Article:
Why big brands have problems in local search
Big brands that have had the same high street address for years are at a disadvantage in local search compared to new businesses that are opening around them. How can this be?
Local Citation building is integral to an effective local search strategy; and core to that is consistent Name, Address and Phone numbers listed in local listing sites.
Established brands already have multiple local citations by virtue of the fact that they are probably listed in every directory and local listing site, so why should they not perform well?
The simple answer is – lack of NAP control!
Inconsistent NAP confuses search engines and customers, having a negative effect on your local search presence and even worse, giving customers the wrong information.
Here are the main reasons why high street brands have inconsistent NAP:
No Local Listing Policy – Because we’ve not needed one till now!
Most high street companies do not control their local listings and as such, they have slowly become corrupted with inconsistent naming, telephone numbers, branding and weblinks.
The difference may be subtle, for example “Marks & Spencer” may also be listed as “Marks and Spencer” or “M&S” or different telephone numbers listed in different sites, but slowly over time, these differences percolate throughout the listing ecosystem resulting in name variations, category inconsistencies and outdated telephone numbers.
Change of Name through re-brand or acquisition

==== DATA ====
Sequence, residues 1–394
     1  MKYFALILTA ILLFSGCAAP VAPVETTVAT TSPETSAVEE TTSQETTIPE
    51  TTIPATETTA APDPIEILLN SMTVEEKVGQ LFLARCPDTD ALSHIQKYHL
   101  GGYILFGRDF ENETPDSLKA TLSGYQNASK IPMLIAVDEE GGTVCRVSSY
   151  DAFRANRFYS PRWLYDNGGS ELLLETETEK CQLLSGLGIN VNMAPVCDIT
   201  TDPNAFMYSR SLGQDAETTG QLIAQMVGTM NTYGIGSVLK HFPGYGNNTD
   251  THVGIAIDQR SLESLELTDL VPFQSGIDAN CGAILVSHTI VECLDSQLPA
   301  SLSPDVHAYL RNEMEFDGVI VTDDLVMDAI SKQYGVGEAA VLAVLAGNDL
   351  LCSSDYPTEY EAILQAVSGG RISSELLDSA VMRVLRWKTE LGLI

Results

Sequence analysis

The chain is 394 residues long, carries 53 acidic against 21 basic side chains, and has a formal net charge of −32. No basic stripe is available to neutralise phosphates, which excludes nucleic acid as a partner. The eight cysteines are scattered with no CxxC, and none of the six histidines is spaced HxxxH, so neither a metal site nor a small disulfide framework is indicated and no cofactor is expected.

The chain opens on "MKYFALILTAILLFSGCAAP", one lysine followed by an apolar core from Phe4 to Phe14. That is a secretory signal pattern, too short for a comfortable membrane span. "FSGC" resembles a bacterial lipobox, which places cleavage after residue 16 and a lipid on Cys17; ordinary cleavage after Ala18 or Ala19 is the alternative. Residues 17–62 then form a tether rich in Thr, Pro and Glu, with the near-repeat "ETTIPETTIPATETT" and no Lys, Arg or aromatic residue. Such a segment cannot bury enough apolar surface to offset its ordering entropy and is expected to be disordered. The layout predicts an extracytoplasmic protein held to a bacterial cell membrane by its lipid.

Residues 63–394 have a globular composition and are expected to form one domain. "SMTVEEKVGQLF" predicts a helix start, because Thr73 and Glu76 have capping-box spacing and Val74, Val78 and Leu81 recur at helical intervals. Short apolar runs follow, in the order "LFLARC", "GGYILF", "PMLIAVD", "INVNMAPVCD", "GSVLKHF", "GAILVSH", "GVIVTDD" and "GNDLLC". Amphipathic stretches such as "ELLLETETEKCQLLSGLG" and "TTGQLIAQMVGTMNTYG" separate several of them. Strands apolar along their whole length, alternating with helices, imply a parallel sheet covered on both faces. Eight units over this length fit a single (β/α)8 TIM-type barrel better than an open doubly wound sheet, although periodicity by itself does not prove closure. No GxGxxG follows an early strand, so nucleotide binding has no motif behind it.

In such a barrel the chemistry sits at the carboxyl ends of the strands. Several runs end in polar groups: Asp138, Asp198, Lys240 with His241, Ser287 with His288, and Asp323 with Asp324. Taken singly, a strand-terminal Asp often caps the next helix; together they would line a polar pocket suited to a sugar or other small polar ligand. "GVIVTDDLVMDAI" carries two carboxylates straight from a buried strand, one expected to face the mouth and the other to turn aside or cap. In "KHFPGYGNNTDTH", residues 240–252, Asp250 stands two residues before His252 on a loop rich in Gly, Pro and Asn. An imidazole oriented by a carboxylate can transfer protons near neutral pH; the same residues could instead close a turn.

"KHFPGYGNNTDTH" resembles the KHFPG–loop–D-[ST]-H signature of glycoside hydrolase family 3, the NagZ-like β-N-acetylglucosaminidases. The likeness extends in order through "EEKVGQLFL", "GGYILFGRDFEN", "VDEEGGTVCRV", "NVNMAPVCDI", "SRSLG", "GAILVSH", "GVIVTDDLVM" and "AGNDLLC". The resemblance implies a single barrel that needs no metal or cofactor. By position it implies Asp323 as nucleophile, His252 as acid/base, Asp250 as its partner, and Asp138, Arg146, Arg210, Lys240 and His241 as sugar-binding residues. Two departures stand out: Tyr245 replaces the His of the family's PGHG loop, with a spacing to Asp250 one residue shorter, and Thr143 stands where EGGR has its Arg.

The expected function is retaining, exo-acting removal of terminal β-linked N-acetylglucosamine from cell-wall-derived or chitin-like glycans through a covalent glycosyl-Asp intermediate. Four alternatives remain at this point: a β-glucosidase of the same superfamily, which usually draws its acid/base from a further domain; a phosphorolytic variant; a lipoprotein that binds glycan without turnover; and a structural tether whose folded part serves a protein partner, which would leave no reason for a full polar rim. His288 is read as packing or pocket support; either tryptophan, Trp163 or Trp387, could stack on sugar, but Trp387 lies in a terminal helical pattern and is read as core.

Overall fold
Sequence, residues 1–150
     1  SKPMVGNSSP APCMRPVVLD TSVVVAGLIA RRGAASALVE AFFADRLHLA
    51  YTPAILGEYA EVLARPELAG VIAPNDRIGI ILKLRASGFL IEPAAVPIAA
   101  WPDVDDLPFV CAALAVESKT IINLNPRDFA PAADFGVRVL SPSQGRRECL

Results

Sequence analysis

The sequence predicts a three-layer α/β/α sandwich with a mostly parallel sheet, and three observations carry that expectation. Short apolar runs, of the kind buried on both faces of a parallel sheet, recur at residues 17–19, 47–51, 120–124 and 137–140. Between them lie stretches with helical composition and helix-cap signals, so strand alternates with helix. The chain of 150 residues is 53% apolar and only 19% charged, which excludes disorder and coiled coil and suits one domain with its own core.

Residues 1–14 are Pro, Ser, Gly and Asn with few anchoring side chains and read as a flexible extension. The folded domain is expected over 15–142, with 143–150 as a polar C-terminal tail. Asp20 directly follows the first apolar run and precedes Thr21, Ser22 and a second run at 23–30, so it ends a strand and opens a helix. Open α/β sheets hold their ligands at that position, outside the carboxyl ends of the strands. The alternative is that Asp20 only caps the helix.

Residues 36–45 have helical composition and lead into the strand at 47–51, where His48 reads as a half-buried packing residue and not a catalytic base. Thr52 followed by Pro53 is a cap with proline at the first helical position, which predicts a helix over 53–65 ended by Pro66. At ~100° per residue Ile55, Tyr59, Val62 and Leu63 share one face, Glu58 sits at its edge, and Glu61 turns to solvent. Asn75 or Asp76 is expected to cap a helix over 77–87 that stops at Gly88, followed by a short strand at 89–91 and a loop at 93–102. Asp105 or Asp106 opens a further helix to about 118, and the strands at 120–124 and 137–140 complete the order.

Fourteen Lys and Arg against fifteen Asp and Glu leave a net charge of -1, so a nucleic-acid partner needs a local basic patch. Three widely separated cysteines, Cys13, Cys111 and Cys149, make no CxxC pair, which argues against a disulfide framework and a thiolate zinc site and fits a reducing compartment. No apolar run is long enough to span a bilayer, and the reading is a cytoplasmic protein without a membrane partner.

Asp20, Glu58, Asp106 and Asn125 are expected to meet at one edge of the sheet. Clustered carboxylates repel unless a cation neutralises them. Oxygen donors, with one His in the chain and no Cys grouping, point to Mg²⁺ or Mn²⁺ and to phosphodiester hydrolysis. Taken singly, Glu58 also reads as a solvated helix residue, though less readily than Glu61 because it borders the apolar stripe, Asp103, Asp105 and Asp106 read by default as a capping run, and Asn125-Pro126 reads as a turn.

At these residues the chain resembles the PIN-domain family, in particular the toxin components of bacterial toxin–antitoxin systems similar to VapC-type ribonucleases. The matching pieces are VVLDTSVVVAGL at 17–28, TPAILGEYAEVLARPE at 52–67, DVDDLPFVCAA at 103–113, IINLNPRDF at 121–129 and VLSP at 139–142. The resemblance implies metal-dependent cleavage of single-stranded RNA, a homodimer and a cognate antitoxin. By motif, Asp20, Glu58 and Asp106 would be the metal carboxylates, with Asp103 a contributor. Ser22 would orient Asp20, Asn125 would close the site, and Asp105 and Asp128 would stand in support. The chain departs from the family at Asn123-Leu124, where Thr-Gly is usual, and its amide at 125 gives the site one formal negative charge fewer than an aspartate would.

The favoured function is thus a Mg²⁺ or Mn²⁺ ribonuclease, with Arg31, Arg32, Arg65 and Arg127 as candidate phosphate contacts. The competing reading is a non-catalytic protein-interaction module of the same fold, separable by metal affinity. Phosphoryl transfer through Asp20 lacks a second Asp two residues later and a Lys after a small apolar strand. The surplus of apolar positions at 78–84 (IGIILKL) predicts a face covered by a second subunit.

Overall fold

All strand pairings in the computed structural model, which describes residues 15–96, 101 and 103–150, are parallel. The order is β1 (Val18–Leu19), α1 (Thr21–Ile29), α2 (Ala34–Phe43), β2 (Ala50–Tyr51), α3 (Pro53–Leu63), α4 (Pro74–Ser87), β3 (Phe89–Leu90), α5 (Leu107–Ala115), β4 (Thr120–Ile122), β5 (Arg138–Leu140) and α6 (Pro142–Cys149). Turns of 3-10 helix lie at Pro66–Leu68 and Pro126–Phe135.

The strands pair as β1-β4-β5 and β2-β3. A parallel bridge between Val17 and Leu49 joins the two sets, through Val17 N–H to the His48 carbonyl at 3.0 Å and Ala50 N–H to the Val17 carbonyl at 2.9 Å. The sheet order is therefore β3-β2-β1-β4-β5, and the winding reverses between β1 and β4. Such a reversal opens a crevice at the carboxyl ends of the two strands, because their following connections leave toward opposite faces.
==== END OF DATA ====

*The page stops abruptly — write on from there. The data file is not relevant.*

Re-branding can have a major impact to your local citations.
Where a company changes its name, but keeps the same address and phone number, we often see conflicting listings appearing with the old and new brand names appearing alongside each other in the same listing.
Look at KFC – it officially re-branded from “Kentucky Fried Chicken” in 1991 – yet you can still find local listings for “Kentucky Fried Chicken” throughout the UK. Or Lloyds TSB – they split into Lloyds and TSB in 2013, yet there are still multiple listings for Lloyds TSB.
Change of Address
Brands that move premises a few doors up or down the high street can find themselves with duplicate listings. Moving premises on the same street only changes the shop number; the Name, Telephone Number and Post Code stay the same. This can get very confusing.
Change of Phone Number
Brands change their telephone numbers for different reasons, for example to centralise customer services or to introduce a different number plan. Whatever the reason, these numbers need to be changed in the listings.
Gone are the days when BT would supply your phone number and update your listing at the same time. Today we have multiple telephone service providers and number plans offering different services including, Local, Mobile, VOIP, Cable, 01, 02, 03, 08 etc. etc. No single company is responsible for ensuring that numbers are listed correctly. If you have a new number, it is your responsibility to ensure it is listed correctly.
All in all, brands through no fault of their own are victims of a legacy of old information that has accumulated over time in multiple local listing sites and citations.
An address is a strategic asset in search, but only if local citations have consistent NAP.
Cleaning old listing to achieve correct and consistent local citations takes time and energy and systematic approach.